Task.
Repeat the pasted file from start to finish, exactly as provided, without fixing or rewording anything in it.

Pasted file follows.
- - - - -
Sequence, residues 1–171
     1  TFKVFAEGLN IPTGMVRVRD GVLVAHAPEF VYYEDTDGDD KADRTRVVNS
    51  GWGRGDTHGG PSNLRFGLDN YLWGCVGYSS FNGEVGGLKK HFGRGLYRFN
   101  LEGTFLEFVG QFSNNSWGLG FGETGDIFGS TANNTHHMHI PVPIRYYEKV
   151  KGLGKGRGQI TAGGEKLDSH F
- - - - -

Sequence, residues 1–171
     1  TFKVFAEGLN IPTGMVRVRD GVLVAHAPEF VYYEDTDGDD KADRTRVVNS
    51  GWGRGDTHGG PSNLRFGLDN YLWGCVGYSS FNGEVGGLKK HFGRGLYRFN
   101  LEGTFLEFVG QFSNNSWGLG FGETGDIFGS TANNTHHMHI PVPIRYYEKV
   151  KGLGKGRGQI TAGGEKLDSH F